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The Employment Effects of Shorter Working Hours: An Application to Japanese Data

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  • Brunello, Giorgio

Abstract

This paper applies a simple model of hours, employment, and earnings to Japanese manufacturing data and shows that a reduction in the number of standard hours is likely to increase overtime and reduce employment. These findings are in line with recent theoretical developments and in contrast to the predictions of traditional analysis of hours and employment adjustment. This difference is shown to be due to the treatment of the wage rate. Copyright 1989 by The London School of Economics and Political Science.

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Bibliographic Info

Article provided by London School of Economics and Political Science in its journal Economica.

Volume (Year): 56 (1989)
Issue (Month): 224 (November)
Pages: 473-86

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Handle: RePEc:bla:econom:v:56:y:1989:i:224:p:473-86

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Cited by:
  1. Thomas Moutos & William Scarth, 2000. "Work-Sharing: an Efficiency-Wage Analysis," CESifo Working Paper Series 386, CESifo Group Munich.
  2. Victoria Osuna Padilla & José-Víctor Ríos-Rull, 2002. "Implementing the 35 Hour Workweek by Means of Overtime Taxation," Economic Working Papers at Centro de Estudios Andaluces E2002/04, Centro de Estudios Andaluces.
  3. Jennifer Hunt, 1996. "Has Work-Sharing Worked in Germany?," NBER Working Papers 5724, National Bureau of Economic Research, Inc.
  4. M. J. Andrews & T. Schank & R. Simmons, 2005. "Does Worksharing Work? Some Empirical Evidence From The Iab-Establishment Panel," Scottish Journal of Political Economy, Scottish Economic Society, vol. 52(2), pages 141-176, 05.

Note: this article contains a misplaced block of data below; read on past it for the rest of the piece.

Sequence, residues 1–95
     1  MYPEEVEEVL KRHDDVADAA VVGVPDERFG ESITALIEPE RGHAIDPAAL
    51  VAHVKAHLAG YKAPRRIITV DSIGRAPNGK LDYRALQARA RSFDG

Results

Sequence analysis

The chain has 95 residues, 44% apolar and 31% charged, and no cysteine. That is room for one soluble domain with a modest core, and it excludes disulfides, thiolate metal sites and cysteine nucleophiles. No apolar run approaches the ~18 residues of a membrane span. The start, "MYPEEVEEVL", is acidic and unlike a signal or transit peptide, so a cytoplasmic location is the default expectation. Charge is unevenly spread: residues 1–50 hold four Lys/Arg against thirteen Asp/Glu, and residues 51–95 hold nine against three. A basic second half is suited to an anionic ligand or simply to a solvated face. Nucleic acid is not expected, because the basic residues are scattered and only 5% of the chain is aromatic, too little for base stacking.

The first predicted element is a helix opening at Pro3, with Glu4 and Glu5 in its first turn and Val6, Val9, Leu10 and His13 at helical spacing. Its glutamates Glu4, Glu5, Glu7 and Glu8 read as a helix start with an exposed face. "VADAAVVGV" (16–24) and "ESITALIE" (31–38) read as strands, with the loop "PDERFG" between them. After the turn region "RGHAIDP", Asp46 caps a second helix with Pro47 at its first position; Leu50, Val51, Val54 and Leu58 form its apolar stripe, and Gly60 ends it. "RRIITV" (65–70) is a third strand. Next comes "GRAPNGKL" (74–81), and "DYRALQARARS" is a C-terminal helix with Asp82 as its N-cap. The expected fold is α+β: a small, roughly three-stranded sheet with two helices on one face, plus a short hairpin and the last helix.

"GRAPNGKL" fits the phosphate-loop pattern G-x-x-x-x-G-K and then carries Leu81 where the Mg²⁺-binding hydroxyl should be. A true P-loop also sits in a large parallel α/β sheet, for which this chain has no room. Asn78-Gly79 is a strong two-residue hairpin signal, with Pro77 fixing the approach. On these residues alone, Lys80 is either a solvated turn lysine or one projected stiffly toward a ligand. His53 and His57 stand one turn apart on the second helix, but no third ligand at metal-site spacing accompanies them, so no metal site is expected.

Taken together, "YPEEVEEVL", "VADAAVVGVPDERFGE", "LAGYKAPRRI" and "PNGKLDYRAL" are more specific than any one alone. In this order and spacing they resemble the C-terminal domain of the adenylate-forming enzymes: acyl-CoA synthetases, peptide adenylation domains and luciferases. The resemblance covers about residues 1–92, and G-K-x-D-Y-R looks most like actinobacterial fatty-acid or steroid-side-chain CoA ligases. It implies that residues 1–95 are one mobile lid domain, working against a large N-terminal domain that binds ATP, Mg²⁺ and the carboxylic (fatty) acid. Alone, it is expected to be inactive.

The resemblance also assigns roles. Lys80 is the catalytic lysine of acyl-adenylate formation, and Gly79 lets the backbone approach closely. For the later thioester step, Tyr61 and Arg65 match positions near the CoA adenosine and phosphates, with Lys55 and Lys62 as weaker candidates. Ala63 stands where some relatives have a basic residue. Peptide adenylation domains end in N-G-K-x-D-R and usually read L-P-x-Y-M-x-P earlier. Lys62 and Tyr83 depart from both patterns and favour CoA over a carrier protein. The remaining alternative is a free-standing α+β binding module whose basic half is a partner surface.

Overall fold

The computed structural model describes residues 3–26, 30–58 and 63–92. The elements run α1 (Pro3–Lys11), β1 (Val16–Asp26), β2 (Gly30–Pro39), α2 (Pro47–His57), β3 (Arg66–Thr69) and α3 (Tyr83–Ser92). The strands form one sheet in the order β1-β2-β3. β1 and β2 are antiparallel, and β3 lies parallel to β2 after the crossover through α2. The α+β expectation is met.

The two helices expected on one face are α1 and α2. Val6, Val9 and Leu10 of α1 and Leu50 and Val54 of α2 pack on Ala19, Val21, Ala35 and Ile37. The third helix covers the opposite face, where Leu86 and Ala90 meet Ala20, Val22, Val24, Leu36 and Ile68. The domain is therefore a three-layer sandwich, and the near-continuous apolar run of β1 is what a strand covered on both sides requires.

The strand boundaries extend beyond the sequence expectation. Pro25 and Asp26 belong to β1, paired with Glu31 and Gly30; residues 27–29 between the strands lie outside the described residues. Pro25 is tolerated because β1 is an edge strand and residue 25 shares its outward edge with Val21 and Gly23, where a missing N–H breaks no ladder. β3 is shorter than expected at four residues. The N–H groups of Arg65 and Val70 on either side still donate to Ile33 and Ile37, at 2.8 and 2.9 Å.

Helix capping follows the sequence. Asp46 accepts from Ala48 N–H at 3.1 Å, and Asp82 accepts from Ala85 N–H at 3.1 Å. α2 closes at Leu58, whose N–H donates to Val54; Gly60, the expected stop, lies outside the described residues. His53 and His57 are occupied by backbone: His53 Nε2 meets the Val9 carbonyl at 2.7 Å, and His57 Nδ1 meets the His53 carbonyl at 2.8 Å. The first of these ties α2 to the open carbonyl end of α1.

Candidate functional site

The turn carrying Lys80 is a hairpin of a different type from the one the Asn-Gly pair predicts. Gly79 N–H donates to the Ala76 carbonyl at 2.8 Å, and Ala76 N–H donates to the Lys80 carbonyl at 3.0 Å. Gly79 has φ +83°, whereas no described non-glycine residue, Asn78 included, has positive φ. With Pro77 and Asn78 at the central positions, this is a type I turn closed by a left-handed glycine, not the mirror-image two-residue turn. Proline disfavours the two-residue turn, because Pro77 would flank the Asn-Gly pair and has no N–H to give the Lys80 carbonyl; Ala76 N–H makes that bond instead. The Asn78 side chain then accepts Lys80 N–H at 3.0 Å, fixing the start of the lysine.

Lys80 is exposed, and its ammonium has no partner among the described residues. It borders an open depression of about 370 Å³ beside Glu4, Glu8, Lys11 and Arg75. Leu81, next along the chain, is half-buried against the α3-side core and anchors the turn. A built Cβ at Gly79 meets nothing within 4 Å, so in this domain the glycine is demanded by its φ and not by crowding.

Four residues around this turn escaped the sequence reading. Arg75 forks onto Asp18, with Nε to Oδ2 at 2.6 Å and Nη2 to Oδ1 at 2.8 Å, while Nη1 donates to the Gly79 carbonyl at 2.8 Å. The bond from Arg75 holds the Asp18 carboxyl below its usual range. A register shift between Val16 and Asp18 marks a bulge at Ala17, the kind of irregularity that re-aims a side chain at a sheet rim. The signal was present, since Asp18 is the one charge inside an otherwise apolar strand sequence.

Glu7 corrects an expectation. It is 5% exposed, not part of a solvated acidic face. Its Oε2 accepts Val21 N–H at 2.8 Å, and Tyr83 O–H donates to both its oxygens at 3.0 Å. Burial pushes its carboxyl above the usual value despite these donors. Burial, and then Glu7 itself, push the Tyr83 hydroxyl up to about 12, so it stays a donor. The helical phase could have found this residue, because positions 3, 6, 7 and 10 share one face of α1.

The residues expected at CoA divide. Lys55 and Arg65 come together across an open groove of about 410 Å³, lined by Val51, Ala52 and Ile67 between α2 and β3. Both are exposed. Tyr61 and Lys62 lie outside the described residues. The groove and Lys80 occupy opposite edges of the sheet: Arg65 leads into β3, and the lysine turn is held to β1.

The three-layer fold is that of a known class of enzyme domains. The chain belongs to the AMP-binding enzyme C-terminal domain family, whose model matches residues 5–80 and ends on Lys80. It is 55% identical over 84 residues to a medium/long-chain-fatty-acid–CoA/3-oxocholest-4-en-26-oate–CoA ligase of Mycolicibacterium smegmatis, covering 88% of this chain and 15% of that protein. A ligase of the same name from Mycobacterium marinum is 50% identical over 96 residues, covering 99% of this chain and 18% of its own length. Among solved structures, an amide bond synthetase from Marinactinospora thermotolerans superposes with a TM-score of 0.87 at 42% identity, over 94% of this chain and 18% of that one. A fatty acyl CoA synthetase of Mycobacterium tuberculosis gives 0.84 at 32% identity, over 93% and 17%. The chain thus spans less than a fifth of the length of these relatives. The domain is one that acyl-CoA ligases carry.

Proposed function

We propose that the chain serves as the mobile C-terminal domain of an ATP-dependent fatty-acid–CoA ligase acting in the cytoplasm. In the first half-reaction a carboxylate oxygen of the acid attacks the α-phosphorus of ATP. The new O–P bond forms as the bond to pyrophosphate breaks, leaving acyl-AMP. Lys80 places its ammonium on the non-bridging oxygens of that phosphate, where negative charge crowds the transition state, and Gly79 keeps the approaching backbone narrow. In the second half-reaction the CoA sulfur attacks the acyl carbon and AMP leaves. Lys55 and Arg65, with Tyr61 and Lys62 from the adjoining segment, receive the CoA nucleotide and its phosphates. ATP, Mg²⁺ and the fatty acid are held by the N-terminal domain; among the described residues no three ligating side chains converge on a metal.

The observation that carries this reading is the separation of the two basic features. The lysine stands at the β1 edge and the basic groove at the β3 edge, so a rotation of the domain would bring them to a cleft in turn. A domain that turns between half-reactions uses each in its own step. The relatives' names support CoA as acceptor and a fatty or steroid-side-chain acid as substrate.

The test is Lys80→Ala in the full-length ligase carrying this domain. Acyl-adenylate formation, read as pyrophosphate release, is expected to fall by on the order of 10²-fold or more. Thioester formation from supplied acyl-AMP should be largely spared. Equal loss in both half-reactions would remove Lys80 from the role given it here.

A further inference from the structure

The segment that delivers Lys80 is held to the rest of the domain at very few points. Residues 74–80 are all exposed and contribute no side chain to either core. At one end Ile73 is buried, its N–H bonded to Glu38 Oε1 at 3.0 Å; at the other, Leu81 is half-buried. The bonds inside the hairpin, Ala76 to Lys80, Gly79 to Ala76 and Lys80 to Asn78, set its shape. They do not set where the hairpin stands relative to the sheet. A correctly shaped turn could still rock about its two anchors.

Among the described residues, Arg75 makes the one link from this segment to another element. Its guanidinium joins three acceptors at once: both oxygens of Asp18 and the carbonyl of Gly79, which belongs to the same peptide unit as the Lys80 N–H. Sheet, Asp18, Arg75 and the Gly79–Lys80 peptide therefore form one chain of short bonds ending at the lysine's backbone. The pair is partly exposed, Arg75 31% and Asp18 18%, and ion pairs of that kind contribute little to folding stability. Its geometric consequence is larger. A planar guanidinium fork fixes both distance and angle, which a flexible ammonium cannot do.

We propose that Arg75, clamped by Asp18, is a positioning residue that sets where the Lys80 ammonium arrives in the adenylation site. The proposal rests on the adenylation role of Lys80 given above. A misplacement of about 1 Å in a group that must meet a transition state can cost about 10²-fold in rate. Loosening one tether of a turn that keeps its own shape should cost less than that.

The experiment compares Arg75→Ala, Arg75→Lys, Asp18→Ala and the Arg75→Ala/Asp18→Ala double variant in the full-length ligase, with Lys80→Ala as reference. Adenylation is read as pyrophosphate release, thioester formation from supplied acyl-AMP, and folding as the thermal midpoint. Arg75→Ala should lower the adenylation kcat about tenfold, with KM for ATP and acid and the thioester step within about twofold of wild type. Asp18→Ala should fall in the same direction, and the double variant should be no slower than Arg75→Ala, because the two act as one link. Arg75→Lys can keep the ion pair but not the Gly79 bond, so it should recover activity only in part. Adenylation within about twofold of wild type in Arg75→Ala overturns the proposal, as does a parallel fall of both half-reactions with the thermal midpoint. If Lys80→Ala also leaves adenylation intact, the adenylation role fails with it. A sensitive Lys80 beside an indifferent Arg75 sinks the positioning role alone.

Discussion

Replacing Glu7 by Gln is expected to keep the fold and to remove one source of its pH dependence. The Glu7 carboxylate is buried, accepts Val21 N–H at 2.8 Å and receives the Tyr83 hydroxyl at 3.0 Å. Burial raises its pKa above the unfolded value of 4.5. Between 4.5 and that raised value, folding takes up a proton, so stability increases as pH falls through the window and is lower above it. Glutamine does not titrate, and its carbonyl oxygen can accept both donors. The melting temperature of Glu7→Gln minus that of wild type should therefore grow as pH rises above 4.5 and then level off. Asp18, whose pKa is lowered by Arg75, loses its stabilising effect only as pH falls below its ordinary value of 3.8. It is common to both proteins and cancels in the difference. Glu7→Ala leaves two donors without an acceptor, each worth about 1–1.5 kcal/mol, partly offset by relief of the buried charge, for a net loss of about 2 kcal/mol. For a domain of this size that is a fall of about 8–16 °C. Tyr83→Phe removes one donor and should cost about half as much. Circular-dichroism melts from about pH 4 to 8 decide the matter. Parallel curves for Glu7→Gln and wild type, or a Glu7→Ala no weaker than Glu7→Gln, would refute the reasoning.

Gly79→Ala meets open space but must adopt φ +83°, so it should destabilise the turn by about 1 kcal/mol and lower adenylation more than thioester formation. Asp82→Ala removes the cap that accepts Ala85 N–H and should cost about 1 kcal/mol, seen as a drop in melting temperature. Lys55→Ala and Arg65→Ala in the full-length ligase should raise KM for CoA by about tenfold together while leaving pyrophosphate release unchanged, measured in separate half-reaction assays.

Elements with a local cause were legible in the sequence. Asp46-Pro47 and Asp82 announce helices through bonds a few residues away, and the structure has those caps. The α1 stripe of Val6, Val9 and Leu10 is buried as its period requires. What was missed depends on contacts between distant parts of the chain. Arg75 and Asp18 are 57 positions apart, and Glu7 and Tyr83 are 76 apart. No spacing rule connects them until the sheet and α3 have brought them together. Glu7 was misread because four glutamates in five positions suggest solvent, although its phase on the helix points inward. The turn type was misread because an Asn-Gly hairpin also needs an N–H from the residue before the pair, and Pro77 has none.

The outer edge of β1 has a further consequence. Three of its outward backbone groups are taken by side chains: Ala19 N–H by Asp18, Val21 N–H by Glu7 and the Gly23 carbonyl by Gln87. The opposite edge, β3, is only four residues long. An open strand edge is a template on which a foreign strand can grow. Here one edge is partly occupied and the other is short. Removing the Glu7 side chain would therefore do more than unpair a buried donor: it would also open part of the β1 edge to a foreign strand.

5. Baek, Ehung Gi & Oh, Wankeun, 2004. "The short-run production effect of the reduction of working hours," Journal of Policy Modeling, Elsevier, vol. 26(1), pages 123-144, January.
  6. Ángel Luis Martin Roman & Alfonso Moral de Blas, 2002. "Efectos de las variaciones en el tiempo de trabajo sobre la ocupación adolescente y juvenil en el sector industrial: un análisis regional," Revista de Estudios Regionales, Universidades Públicas de Andalucía, vol. 1, pages 51-77.
  7. Marimon, R. & Zilibotti, F., 1999. "Employment and Distributional Effects of Restricting Working Time," Economics Working Papers eco99/19, European University Institute.
  8. Rocheteau, Guillaume, 2002. "Working time regulation in a search economy with worker moral hazard," Journal of Public Economics, Elsevier, vol. 84(3), pages 387-425, June.
  9. Mattesini, F. & Quintieri, B., 2006. "Does a reduction in the length of the working week reduce unemployment? Some evidence from the Italian economy during the Great Depression," Explorations in Economic History, Elsevier, vol. 43(3), pages 413-437, July.
  10. Dimitri B. Papadimitriou, . "Full Employment Has Not Been Achieved, Full Employment Policy: Theory and Practice," Economics Public Policy Brief Archive ppb_53, Levy Economics Institute.
  11. Dimitri B. Papadimitriou, 1998. "(Full) Employment Policy: Theory and Practice," Economics Working Paper Archive wp_258, Levy Economics Institute.
  12. Simmons, R. & Schank, Thorsten & Andrews, Martyn J., 2004. "Does Worksharing Work? Some Empirical Evidence from the IAB Panel," Discussion Papers 25, Friedrich-Alexander-University Erlangen-Nuremberg, Chair of Labour and Regional Economics.
  13. Jennifer Hunt, 1996. "The Response of Wages and Actual Hours Worked to the Reductions of Standard Hours," NBER Working Papers 5716, National Bureau of Economic Research, Inc.
  14. Chang, Juin-jen & Huang, Chun-chieh & Lai, Ching-chong, 2007. "Working hours reduction and wage contracting style in a dynamic model with labor adjustment costs," Journal of Economic Dynamics and Control, Elsevier, vol. 31(3), pages 971-993, March.

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